Aloe Barbadensis Leaf Juice, Aqua, Dicaprylyl Ether, Polyglyceryl-3 Methylglucose Distearate, Glycerin, Caprylic/Capric Triglyceride, Isocetyl Palmitate, Cetearyl Alcohol, Myristyl Myristate, Olea Europaea (Olive) Oil Unsaponifiables, Theobroma Cacao Seed Butter, Butyrospermum Parkii Butter, Glyceryl Caprylate, Tocopherol/Helianthus Annuus Seed Oil, Glycyrrhetinic Acid, Retinyl Palmitate, Xanthan Gum, Chondrus Crispus Extract, Pelargonium Graveolens (geranium) Oil, Eugenia Caryophyllata (clove) Flower Oil, Rosa Damascena (rose) Flower Oil, Parfum (Natural and food grade), Rosa Damascena Flower Extract, Passiflora Incarnata Extract, Tilia Europaea Flower Extract, Calendula Officinalis Flower Extract, Chamomilla Recutita Flower Extract, Sodium Benzoate, Potassium Sorbate, Sodium Phytate, Citric Acid, Ascorbic Acid, Geraniol, Linalool, Citronellol, Eugenol.

Breaking the above down abit:

The base includes Aloe Vera Juice, components of Olive Oil, Cocoa Butter, Shea Butter, Sunflower Seed Oil, Liquorice and Vitamin A,C&E.
Then Irish/Carrageen Moss (a type of Red algae), and the oils of Geranium, Clove, and Damascena Rose.
Then Damascena Rose, Passionflower, Lime flower, Calendula and Chamomile Extracts.

Quite a power house and packed with properties I could benefit from. They all share/overlap in quite a few of their properties but generally:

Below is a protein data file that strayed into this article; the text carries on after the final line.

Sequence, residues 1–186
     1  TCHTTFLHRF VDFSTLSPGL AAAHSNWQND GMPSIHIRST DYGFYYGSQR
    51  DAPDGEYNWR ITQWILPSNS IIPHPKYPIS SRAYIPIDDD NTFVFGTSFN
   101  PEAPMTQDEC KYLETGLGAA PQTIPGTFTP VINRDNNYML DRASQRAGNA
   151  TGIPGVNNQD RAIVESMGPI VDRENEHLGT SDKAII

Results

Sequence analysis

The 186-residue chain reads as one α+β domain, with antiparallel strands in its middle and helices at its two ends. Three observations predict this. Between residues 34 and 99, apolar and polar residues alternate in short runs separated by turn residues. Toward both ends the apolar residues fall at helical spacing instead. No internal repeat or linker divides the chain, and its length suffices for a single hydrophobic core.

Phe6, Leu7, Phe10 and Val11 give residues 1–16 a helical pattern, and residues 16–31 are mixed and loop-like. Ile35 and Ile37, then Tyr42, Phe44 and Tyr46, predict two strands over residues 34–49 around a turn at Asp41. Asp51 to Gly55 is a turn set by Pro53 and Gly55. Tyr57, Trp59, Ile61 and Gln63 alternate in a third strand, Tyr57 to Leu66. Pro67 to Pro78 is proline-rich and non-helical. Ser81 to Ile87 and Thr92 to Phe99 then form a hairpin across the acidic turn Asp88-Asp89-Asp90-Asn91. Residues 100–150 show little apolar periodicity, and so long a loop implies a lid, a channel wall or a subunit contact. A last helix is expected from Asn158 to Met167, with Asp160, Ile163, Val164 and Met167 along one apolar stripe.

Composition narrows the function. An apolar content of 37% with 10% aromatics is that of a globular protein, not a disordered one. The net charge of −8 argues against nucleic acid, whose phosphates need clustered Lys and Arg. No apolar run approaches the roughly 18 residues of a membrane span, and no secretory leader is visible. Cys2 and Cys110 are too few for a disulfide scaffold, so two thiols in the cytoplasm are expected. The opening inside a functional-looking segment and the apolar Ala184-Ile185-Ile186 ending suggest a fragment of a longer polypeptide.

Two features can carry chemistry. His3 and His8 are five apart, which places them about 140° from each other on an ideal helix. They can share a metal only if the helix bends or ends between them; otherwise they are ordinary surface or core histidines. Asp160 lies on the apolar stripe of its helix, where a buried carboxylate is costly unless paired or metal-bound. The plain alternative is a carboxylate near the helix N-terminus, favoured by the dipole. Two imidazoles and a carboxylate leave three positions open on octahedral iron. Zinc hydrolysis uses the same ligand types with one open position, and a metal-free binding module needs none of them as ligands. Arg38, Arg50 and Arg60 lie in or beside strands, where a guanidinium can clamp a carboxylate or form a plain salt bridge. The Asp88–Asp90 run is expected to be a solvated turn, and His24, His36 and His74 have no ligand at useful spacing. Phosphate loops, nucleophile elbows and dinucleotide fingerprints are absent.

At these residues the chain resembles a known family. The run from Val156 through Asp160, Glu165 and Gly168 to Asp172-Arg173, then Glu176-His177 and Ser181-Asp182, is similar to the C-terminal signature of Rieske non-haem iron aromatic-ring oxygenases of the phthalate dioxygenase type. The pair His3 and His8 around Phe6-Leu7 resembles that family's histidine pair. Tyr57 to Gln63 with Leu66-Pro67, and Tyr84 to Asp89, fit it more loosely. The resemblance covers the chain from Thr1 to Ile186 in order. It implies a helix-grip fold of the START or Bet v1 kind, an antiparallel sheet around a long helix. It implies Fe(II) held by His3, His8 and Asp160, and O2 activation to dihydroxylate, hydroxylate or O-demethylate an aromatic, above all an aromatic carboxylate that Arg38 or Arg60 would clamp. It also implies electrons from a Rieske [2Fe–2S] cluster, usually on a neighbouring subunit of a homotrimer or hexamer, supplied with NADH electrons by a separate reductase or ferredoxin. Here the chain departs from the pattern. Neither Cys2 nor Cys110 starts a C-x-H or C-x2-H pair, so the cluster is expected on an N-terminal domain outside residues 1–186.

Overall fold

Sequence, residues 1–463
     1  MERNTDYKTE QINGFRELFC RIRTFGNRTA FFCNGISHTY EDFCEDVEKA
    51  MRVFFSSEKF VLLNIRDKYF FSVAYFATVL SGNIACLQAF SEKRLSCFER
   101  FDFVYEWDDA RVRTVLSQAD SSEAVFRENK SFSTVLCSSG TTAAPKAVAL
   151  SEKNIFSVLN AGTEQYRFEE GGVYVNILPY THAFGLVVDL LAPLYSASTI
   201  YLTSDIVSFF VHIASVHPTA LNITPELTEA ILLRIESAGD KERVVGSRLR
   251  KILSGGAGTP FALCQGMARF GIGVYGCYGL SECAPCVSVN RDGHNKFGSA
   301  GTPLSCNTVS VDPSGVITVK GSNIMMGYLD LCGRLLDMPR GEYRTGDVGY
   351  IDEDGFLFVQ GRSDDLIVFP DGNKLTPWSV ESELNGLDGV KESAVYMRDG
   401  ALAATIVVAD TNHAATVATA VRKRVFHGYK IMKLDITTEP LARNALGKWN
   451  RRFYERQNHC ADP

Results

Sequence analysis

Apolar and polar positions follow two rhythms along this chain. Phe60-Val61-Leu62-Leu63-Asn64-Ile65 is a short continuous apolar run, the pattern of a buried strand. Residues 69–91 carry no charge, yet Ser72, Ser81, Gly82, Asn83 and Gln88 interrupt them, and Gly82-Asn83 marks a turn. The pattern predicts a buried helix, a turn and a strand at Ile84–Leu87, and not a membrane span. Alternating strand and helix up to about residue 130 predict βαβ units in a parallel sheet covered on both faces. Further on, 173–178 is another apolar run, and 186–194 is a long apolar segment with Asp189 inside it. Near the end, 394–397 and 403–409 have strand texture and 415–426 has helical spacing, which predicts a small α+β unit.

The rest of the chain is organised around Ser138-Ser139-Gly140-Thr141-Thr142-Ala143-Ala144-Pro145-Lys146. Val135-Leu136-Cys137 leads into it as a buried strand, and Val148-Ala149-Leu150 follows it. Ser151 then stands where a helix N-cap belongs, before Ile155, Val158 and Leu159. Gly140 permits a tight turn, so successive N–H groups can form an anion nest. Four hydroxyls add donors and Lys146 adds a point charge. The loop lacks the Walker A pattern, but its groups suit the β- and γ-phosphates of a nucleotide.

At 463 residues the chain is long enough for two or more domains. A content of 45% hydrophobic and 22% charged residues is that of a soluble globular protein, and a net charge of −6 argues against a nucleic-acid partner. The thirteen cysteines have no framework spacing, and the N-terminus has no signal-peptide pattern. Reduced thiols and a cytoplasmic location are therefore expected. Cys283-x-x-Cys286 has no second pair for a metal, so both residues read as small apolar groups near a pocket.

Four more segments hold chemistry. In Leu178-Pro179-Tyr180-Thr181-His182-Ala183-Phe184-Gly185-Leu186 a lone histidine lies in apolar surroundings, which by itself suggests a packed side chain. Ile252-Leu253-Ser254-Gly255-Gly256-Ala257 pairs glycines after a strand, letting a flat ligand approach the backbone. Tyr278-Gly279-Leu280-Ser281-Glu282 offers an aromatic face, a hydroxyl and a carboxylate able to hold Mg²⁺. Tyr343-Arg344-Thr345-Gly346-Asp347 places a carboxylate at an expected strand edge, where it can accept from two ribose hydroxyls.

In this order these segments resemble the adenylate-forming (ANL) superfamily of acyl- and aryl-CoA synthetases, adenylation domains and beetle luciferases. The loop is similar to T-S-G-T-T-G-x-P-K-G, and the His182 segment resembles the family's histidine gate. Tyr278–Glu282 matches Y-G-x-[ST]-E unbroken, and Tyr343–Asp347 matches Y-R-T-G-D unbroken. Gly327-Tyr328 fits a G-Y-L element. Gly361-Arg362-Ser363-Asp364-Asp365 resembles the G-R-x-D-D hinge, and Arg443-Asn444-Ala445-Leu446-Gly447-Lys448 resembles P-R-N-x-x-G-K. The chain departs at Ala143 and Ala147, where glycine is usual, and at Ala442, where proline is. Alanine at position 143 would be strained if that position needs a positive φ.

Aloe, Lime Flower and Chamomile all have soothing, calming and healing properties.
Irish Moss and Clove have anti-inflammatory properties.
Liquorice and Passionflower both have pain relief properties.
Calendula is revitalizing plant, a wake-up call, giving immediate energy.

The Vitamins are all antioxidants preventing degenerative oxidative stress on cells, and are all immune system maintainers/boosters. They have individual properties but in general for skincare Vitamin A promotes and maintains skin tissue quality and can help with acne, E is a soluble fat helping to keep the skin plump/youthful C prevents discolouration of skin.

Compromises

Bear in mind the ingredients list isn’t the most natural you can come across but I was compromising due to lack of choice at the time, choosing a lotion for thirst quenching hydration combined with soothing plus texture convenience over the heavier/thicker/messier/longer to absorb body butters and oils, and price. At this level it was unlikely I was going to find a pure formula with less and completely ethical, natural bonding and liquefying agents and preservatives – things that are necessary to making and keeping solids and oils in blended lotion/cream form. Plus it’s cheaper than buying all the ingredients and making my own.